Ceylon; an Account of the Island Physical, Historical, and eBook

James Emerson Tennent
This eBook from the Gutenberg Project consists of approximately 892 pages of information about Ceylon; an Account of the Island Physical, Historical, and.
of Ceylon coins, in the Journ.  As.  Soc.  Beng. iv. 673, vi. 218; CASIE CHITTY, in the Journ. of the Ceylon Asiat.  Soc., 1847, p. 9, has given an account of a hoard of copper coins found at Calpentyn in 1839; and Mr. Justice STARKE, in the same journal, p. 149, has given a resume of the information generally possessed as to the ancient coins of the island.  PRINSEP’s paper on Ceylon Coins will be found in vol. i. of the recent reprint of his Essays on Indian Antiquities, p. 419.  Lond. 1858.]

Hook-money.—­No ancient silver coin has yet been found, but specimens are frequently brought to light of the ridis, pieces of twisted silver wire, which from their being sometimes bent with a considerable curve have been called “Fish-hook money.”  These are occasionally impressed with a legend, and for a time the belief obtained that they were a variety of ring-money peculiar to Ceylon.[1] Of late this error has been corrected; the letters where they occur have been shown to be not Singhalese or Sanskrit, but Persian, and the tokens themselves have been proved to belong to Laristan on the Persian Gulf, from the chief emporium of which, Gambroon, they were brought to Ceylon in the course of Indian commerce; chiefly by the Portuguese, who are stated by VAN CARDAEN to have introduced them in great quantities into Cochin and the ports of Malabar.[2] There they were circulated so freely that an edict of Prakrama enumerates the ridi amongst the coins in which the taxes were assessed on land.[3]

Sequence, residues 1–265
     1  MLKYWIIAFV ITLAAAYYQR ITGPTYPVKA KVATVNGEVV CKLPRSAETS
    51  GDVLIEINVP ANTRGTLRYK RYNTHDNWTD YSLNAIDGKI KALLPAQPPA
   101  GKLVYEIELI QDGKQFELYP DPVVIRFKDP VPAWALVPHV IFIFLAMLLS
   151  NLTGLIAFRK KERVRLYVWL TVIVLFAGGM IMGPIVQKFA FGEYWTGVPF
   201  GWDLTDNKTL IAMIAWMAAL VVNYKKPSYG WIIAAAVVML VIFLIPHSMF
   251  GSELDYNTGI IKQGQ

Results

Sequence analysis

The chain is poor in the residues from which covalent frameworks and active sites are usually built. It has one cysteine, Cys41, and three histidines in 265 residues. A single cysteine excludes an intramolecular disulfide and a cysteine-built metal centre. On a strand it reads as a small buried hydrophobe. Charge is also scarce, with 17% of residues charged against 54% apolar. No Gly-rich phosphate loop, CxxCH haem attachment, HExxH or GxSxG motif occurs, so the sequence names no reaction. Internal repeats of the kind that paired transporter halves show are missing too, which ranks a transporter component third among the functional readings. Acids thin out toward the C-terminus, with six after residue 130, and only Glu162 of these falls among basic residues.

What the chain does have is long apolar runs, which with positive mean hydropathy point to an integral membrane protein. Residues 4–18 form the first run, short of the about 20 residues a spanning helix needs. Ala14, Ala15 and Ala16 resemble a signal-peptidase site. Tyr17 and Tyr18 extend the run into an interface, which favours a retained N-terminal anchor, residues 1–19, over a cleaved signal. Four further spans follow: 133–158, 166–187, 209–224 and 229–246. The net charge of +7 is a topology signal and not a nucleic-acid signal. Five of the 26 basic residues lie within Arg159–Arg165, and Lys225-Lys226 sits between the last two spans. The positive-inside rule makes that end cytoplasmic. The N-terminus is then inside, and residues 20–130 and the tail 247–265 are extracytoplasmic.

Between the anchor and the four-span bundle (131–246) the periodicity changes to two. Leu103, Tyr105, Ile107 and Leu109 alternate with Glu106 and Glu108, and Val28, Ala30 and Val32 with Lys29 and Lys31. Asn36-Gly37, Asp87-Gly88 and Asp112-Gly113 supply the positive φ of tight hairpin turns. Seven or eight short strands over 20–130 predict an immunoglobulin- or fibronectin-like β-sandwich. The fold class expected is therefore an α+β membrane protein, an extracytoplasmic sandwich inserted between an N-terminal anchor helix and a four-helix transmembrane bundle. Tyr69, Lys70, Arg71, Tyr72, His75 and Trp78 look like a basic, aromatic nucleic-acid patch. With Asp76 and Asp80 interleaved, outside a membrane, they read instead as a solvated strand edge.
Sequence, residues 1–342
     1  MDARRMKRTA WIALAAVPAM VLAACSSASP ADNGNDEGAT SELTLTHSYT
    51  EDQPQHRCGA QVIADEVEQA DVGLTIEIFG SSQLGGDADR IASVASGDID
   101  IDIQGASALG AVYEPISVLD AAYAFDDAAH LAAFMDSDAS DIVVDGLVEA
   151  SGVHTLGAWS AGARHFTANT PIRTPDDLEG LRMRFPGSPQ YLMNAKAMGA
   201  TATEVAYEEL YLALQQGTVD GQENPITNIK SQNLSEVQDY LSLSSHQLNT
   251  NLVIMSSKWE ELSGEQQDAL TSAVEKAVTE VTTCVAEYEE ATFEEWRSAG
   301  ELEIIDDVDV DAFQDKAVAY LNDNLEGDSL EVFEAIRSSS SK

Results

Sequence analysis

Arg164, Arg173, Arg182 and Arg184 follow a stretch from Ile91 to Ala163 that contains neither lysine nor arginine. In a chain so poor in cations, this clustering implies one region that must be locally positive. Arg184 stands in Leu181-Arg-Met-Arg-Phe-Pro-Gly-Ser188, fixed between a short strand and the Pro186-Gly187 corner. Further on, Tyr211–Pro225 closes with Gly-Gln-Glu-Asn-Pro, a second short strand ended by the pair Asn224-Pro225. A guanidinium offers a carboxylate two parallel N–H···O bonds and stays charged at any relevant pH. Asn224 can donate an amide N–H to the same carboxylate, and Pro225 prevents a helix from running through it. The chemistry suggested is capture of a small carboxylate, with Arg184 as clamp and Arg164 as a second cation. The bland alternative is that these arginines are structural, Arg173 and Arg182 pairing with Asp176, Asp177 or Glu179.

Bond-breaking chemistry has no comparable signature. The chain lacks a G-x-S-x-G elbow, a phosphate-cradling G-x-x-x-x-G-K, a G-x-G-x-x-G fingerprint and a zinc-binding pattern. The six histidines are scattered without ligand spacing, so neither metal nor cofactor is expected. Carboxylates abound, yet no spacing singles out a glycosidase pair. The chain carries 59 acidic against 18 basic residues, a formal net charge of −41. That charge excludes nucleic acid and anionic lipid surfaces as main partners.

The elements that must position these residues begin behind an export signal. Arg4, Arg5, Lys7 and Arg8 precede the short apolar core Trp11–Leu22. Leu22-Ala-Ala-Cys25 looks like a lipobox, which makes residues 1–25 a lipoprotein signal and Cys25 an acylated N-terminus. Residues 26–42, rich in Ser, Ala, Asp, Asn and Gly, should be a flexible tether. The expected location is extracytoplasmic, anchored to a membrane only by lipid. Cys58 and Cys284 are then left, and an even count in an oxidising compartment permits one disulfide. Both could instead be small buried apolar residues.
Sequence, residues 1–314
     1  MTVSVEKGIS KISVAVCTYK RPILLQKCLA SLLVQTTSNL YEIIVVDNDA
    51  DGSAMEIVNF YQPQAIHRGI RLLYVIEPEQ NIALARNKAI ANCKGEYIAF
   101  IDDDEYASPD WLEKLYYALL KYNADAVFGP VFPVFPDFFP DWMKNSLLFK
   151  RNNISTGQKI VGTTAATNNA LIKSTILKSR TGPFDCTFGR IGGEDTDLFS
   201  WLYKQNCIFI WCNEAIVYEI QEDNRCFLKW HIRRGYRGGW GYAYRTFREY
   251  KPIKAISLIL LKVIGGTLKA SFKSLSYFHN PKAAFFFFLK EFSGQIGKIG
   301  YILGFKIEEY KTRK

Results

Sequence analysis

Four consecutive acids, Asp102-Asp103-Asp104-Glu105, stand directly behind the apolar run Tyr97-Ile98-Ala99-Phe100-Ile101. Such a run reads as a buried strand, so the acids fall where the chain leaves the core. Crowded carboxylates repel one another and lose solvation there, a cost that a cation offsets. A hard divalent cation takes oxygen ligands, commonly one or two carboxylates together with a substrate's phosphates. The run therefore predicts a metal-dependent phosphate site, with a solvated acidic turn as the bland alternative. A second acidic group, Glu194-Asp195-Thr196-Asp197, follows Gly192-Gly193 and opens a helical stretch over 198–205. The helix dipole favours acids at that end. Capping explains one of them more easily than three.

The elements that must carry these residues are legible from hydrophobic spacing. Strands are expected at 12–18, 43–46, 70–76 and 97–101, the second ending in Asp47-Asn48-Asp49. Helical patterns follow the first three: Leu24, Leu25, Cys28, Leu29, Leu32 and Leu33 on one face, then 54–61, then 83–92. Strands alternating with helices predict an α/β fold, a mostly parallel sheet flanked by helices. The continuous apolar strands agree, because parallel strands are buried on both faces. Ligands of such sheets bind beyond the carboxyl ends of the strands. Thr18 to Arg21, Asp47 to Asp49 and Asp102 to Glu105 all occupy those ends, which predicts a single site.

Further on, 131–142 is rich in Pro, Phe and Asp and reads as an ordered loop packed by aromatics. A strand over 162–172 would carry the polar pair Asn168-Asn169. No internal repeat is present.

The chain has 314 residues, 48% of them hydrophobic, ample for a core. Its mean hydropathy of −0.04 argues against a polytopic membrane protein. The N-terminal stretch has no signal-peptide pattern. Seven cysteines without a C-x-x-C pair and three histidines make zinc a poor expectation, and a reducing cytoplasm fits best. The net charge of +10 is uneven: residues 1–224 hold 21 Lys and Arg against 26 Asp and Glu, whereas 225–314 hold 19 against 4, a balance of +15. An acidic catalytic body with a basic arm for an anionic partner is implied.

[Footnote 1:  This error may be traced to the French commentator on RIBEYRO’s History of Ceylon, who describes the fish-hook money in use in the kingdom of Kandy, whilst the Portuguese held the low country, as so simple in its form that every man might make it for himself:  “Le Roy de Candy avoit aussi permis a ses peuples de se servir d’une monnoye que chacun peut fabriquer.”—­Ch. x. p. 81.]

[Footnote 2:  “Les larins sont tout-a-fait commodes et necessaires dans les Indes, surtout pour acheter du poivre a Cochin, ou l’on en fait grand etat.”—­Voyage aux Indes Orientales. Amsterdam, A.D. 1716, vol. vi. p. 626.]

[Footnote 3:  Rock-inscription at Dambool, A.D. 1200.  The Rajavali mentions the ridis as in circulation in Ceylon at the period of the arrival of the Portuguese, A.D. 1505.—­P. 278.]

[Illustration:  HOOK MONEY.]

In India they are called larins, and money in imitation of them, struck by the princes of Bijapur and by Sivaji, the founder of the Mahrattas, was in circulation in the Dekkan as late as the seventeenth century.[1]

[Footnote 1:  Prof.  WILSON’S Remarks on Fish-hook Money, Numism.  Chronic. 1854, p. 181.]



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